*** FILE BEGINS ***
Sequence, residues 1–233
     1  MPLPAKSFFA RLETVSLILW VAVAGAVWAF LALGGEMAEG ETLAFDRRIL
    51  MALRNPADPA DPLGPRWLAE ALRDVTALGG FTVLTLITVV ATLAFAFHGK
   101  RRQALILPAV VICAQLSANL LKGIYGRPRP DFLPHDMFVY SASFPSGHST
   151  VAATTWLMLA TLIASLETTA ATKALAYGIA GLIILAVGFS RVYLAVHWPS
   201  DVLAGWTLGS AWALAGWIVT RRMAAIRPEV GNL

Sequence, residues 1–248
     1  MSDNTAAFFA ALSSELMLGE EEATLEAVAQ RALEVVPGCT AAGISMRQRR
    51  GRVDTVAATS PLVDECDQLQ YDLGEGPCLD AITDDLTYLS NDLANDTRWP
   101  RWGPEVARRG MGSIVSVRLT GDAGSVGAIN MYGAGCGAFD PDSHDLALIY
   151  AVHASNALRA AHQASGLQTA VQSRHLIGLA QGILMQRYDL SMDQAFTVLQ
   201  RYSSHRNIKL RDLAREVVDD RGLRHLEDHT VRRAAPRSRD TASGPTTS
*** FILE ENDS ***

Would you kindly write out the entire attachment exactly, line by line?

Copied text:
Sequence, residues 1–233
     1  MPLPAKSFFA RLETVSLILW VAVAGAVWAF LALGGEMAEG ETLAFDRRIL
    51  MALRNPADPA DPLGPRWLAE ALRDVTALGG FTVLTLITVV ATLAFAFHGK
   101  RRQALILPAV VICAQLSANL LKGIYGRPRP DFLPHDMFVY SASFPSGHST
   151  VAATTWLMLA TLIASLETTA ATKALAYGIA GLIILAVGFS RVYLAVHWPS
   201  DVLAGWTLGS AWALAGWIVT RRMAAIRPEV GNL

Sequence, residues 1–248
     1  MSDNTAAFFA ALSSELMLGE EEATLEAVAQ RALEVVPGCT AAGISMRQRR
    51  GRVDTVAATS PLVDECDQLQ YDLGEGPCLD AITDDLTYLS NDLANDTRWP
   101  RWGPEVARRG MGSIVSVRLT GDAGSVGAIN MYGAGCGAFD PDSHDLALIY
   151  AVHASNALRA AHQASGLQTA VQSRHLIGLA QGILMQRYDL SMDQAFTVLQ
   201  RYSSHRNIKL RDLAREVVDD RGLRHLEDHT VRRAAPRSRD TASGPTTS